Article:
US 20060294298 A1
A “setmax” command is issued in BIOS to hide the service area (HPA) of a HDD during normal operation, so that the HPA cannot be accessed or erased inadvertently by the user or by a virus. Pressing a special key (e.g., F11) during booting permits access to the HPA.
1. A method comprising:
establishing a service partition on a hard disk drive (HDD);
configuring at least one control element selected from the group of: a basic input/output system (BIOS) of a computer, and a master boot record (MBR) of the HDD, to issue a command to the HDD not to indicate, to an operating system after the operating system has been booted for normal operation, the presence only of disk areas dedicated to the service partition, whereby the HDD is enabled to indicate the presence of all other disk areas; and
configuring the control element not to issue the command if, during booting, a special input element is manipulated by the user to indicate a desire to access the service area.
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9. A computer system comprising:
at least one HDD including a service partition and an MBR; and
at least one processor accessing a BIOS and MBR to boot an operating system (O.S.) on the HDD into a computer memory, the BIOS and/or MBR being configured to issue a setmax command to lock the service partition from being accessed by the O.S. during normal operation of the O.S., the setmax command being keyed to the service partition such that only disk sectors associated with the service partition are locked from being accessed.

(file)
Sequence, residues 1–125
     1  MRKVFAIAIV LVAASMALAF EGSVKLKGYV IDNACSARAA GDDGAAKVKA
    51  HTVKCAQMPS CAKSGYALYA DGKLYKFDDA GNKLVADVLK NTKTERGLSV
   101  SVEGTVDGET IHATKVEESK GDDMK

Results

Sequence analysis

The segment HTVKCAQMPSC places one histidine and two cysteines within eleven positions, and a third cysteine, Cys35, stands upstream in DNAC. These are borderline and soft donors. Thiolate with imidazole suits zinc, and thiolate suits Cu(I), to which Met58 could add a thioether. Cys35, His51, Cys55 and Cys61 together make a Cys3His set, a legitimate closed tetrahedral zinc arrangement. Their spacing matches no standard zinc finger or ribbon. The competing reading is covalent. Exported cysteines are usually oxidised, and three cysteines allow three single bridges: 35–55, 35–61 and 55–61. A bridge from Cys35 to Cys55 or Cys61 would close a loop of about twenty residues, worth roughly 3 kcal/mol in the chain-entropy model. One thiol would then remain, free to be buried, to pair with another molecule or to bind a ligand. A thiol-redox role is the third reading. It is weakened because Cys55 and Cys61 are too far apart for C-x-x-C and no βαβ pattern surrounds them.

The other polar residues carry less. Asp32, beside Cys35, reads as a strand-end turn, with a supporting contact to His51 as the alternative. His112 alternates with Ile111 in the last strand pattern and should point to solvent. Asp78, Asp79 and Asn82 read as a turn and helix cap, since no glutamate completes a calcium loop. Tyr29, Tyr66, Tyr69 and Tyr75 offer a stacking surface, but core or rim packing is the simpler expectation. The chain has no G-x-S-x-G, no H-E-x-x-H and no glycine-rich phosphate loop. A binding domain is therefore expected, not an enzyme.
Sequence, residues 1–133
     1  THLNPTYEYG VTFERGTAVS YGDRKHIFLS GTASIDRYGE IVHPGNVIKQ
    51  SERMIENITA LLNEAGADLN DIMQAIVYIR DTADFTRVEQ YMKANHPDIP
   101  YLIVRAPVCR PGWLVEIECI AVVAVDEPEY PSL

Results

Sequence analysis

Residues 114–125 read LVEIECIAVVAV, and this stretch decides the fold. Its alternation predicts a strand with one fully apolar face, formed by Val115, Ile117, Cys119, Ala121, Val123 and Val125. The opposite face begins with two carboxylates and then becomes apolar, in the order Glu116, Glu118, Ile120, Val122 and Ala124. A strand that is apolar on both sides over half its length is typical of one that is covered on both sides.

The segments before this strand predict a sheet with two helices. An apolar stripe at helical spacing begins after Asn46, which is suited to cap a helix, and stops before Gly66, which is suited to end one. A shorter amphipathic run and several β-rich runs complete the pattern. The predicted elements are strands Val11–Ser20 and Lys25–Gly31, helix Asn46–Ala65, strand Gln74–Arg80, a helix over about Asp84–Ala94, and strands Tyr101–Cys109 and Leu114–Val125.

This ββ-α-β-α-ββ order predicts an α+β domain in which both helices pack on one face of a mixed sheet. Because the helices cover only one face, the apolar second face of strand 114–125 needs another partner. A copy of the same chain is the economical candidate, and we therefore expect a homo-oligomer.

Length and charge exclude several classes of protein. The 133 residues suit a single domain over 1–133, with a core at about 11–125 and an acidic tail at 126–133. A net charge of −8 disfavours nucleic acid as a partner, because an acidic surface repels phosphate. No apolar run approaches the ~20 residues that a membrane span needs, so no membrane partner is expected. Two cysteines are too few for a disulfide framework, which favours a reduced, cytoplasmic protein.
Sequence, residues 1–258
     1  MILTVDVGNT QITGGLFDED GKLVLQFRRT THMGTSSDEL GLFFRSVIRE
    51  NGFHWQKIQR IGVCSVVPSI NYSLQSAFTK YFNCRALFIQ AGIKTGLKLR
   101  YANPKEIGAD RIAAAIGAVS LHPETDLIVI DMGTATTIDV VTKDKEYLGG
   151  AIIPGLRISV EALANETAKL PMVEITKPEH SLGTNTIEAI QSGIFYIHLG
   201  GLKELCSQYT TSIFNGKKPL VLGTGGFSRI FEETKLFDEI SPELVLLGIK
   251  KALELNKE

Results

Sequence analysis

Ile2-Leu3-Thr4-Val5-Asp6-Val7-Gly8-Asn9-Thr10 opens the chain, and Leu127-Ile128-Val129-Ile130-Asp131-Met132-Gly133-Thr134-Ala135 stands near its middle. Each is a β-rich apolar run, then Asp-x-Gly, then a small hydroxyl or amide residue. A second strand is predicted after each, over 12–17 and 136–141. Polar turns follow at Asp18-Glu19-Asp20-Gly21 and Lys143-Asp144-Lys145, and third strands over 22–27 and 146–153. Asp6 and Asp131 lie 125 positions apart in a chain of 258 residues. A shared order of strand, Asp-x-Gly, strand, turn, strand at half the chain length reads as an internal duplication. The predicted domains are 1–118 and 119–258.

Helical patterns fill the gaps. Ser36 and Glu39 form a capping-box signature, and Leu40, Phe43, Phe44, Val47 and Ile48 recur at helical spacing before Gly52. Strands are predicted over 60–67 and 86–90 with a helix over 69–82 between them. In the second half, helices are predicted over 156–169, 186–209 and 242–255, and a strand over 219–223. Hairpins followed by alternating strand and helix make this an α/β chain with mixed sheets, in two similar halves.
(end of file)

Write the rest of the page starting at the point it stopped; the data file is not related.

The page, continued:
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15. A HDD with at least one service partition entry stored in a service partition and loadable under control of BIOS into a master boot record (MBR) of the HDD, comprising:
means for issuing a “setmax” command to prevent the service partition entry from being loaded into the MBR to thereby hide a hidden protected area (HPA) of the HDD during normal operation, so that the HPA cannot be accessed or erased inadvertently by the user or by a virus.
16. The HDD of
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20. The HDD of
The present invention relates generally to service areas, also known as hidden protected areas (HPA), of hard disk drives (HDD).
When a personal computer is turned on, a basic input-output system (BIOS) that is stored in non-volatile solid state memory of the computer is invoked to begin what is known as a “boot” process, in which various initialization chores are undertaken. Among the most important of these chores is the copying of an operating system from disk storage of the computer over into a solid state memory of the computer, for execution of the operating system by the processor of the computer when the computer is being used. When the computer is turned off or when it is “re-booted”, the operating system is flushed from the memory. By executing the operating system from the relatively fast memory instead of from the disk, computer operations are accelerated.